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City of Springfield Wins $15 Million to Improve Street Safety Citywide

State Street and the Springfield Central Library in downtown Springfield.

State Street in downtown Springfield ranks as one of the Commonwealth’s deadliest streets, according to statewide crash data. Courtesy of Google Street View.

A new federal grant program that was created under the 2021 Bipartisan Infrastructure Law will award $15 million to the City of Springfield to improve safety on 10 high-traffic streets and at 15 intersections across the city.

The funding will come from the new federal Safe Streets and Roads for All discretionary grant program, which was established with $5 billion in funding over a 5-year period in the 2021 Bipartisan Infrastructure Law.

In a press statement celebrating the new program, the National Association of City Transportation Officials (NACTO) wrote that "Safe Streets and Roads for All unlocks federal dollars to fund some of the most effective safety interventions on streets – small-scale investments deployed at scale – that were previously inaccessible to communities without strong local funding sources."

This year, for its first round of grants, the program is primarily funding "action plans" to help local and regional governments plan and prioritize safety improvements.

Those action plans are a prerequisite for local governments to be eligible for the program's implementation grants, which would fund actual construction on street safety improvements.

A map of Springfield highlights 10 corridors, in purple, that will be targeted for safety improvements in the USDOT's Safe Streets for All project. Highlighted Streets include State Street east of the Armory, Wilbraham Road between State and Wesson Park, Walnut Street, several streets around "The X" including Belmont Ave. and Sumner Ave., Main St., downtown, Carew St., Page Blvd., and Boston Rd.
A map of Springfield highlighting the major streets that will be targeted for safety improvements with the $15 million in funding the city received from the new Safe Streets for All program. Courtesy of USDOT.
A map of Springfield highlighting the major streets that will be targeted for safety improvements with the $15 million in funding the city received from the new Safe Streets for All program. Courtesy of USDOT.

Betsy Johnson, a safety advocate and volunteer with WalkBikeSpringfield, credits MassDOT for helping the city jump ahead of other applicants by fast-tracking an action plan before the grant application deadline.

"Springfield was going to put in for money to do the road safety plan, which is the first step," Johnson told StreetsblogMASS in a phone conversation on Wednesday. "But MassDOT said 'No, Springfield, you need this money now, you’ve got an over-the-top crash rate. We’ll hire the consultant who will in 30 days come up with a road safety plan for you, so you can go ahead and apply for the implementation money.'"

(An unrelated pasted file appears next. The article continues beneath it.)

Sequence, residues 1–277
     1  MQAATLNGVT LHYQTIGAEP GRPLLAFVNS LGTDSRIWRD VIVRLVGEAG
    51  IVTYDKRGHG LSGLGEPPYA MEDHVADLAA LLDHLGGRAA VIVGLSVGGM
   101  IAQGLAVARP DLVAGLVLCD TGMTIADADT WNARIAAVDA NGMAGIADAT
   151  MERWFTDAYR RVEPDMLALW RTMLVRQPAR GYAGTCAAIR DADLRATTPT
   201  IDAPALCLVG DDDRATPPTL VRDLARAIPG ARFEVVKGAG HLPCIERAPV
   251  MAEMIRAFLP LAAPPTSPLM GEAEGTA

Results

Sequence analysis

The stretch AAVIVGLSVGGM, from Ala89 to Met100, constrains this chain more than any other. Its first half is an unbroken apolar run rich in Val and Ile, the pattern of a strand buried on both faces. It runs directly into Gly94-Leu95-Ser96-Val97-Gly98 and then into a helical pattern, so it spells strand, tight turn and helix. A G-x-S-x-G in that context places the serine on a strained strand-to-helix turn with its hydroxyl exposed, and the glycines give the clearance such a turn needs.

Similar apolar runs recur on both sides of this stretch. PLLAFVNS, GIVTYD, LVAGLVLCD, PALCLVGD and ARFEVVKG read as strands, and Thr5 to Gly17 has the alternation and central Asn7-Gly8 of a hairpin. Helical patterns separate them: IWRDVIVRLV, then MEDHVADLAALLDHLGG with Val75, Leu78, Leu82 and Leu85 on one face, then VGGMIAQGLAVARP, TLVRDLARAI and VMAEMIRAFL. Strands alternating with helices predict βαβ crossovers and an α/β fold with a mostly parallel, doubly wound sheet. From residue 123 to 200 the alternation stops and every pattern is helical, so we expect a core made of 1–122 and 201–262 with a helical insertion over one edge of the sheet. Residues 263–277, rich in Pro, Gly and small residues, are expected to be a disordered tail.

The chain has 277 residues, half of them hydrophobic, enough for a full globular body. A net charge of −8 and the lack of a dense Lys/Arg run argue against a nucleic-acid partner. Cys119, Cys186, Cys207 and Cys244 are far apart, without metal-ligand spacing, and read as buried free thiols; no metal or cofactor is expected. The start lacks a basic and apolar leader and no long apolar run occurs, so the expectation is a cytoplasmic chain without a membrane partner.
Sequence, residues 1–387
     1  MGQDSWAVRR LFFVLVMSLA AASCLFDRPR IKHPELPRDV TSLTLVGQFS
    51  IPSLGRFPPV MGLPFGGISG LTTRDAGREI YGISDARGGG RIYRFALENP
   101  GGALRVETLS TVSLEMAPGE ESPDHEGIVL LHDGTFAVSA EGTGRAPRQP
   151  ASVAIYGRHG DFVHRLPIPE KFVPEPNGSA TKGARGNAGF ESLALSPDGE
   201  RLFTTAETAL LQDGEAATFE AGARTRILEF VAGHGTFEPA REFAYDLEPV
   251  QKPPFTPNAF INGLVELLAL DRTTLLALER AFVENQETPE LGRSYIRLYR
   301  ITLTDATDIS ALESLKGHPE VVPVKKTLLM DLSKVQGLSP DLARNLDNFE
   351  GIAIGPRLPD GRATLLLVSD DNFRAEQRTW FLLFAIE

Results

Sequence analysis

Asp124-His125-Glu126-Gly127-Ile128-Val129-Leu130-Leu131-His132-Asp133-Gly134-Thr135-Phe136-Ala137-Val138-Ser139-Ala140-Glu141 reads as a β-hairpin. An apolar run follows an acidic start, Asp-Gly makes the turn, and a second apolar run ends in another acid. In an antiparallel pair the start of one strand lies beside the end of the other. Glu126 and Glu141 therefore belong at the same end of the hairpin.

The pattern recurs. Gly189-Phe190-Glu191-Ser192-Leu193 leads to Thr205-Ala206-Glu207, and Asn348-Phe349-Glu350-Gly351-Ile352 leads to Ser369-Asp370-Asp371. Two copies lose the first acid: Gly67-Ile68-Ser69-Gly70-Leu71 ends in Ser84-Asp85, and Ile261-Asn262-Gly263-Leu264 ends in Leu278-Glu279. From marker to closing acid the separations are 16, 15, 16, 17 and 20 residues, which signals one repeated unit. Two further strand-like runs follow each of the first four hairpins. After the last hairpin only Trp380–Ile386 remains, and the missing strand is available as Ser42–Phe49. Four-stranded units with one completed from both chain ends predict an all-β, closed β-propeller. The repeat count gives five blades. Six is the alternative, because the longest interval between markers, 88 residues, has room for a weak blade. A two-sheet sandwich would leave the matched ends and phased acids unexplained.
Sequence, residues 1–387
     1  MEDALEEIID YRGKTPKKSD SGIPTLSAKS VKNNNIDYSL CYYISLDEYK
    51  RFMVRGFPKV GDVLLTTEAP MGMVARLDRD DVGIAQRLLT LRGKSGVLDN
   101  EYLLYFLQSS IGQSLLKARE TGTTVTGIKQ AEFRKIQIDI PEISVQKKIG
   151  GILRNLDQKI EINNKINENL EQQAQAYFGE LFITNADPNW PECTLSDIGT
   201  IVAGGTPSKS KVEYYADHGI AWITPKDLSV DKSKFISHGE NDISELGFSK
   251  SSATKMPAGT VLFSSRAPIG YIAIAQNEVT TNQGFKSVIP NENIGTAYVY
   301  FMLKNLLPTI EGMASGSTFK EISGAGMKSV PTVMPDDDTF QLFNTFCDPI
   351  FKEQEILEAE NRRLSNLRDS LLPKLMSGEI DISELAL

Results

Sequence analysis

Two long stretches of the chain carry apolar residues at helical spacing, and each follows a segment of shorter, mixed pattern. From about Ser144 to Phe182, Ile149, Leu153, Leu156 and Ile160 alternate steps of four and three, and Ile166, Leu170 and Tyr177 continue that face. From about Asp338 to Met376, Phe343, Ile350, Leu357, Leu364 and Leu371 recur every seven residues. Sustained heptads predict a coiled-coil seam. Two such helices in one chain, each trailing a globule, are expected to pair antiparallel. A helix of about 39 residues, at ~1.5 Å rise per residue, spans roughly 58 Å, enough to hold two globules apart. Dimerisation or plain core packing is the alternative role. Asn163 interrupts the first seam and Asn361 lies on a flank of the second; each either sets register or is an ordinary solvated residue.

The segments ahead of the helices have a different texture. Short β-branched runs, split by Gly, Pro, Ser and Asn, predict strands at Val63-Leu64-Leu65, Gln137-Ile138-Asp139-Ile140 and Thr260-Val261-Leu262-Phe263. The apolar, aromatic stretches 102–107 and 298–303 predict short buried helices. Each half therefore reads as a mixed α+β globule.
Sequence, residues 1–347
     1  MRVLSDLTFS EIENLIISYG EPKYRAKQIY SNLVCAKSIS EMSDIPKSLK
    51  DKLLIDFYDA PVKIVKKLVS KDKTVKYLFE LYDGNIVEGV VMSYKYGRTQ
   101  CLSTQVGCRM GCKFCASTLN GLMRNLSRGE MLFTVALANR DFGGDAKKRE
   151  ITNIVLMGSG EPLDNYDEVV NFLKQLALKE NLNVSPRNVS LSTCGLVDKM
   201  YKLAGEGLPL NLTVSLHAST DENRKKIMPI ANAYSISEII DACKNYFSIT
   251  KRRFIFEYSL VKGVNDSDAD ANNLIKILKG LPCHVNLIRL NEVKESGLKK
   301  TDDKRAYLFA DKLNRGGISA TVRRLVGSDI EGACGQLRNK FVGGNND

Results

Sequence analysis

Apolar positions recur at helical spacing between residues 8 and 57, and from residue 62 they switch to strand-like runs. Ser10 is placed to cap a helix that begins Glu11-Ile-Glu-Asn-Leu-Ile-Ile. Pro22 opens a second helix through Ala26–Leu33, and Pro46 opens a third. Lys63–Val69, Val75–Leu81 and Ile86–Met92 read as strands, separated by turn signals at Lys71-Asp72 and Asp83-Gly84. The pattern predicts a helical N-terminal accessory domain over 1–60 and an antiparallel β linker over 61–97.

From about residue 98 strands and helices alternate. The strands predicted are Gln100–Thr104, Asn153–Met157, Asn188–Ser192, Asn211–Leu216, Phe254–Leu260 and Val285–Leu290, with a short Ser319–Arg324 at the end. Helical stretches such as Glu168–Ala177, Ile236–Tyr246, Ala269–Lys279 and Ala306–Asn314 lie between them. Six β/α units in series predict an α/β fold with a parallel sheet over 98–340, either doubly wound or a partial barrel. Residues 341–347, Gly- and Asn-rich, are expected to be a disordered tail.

Johnson is hopeful that the federal funding can fast-track projects that the city has already identified as priorities in its complete streets plan.

According to a grant award announcement released today from the U.S. Department of Transportation, Springfield's grant funding "will implement systemic safety countermeasures at approximately 15 intersections and 10 corridors in the City of Springfield that have a disproportionately high number of fatal and serious injury crashes. These systemic interventions include intersection and signal improvements, pedestrian and cyclist enhancements—such as crosswalk improvements, sidewalk upgrades, lighting, and ADA improvements—roadway conspicuity treatments, and intersection/corridor speed management treatments."

As we've reported here previously, Springfield is one of the Commonwealth’s most dangerous cities for traffic violence, according to statewide crash statistics.

The City of Boston also won a $9 million Safe Streets and Roads for All grant to "improve safety at approximately nine intersections in five distinct neighborhoods, the majority of which are underserved communities where residents face high safety risks on local streets."

A map accompanying the project description highlights the intersections of Stuart and Tremont Streets and Kneeland and Washington Streets in downtown Boston (two adjacent intersections in the theater district), Dorchester Ave. and Boston Street in Andrew Square, two intersections on Blue Hill Avenue, at American Legion Highway and at Columbia Road, and Bennington and Saratoga Streets in East Boston, among others.

15 local and regional governments in Massachusetts – including the cities of Worcester, Somerville, and Salem, and regional planning commissions for the Boston region, the Merrimack Valley, Berkshire County, and Cape Cod – also won funding to prepare their own action plans to be eligible for construction funds from the program in future years.

MassDOT has a similar state-level program to plan and implement street safety projects – the Complete Streets funding program. MassDOT will spread about $12 million for 31 small-scale safety and accessibility projects across the entire Commonwealth this year.

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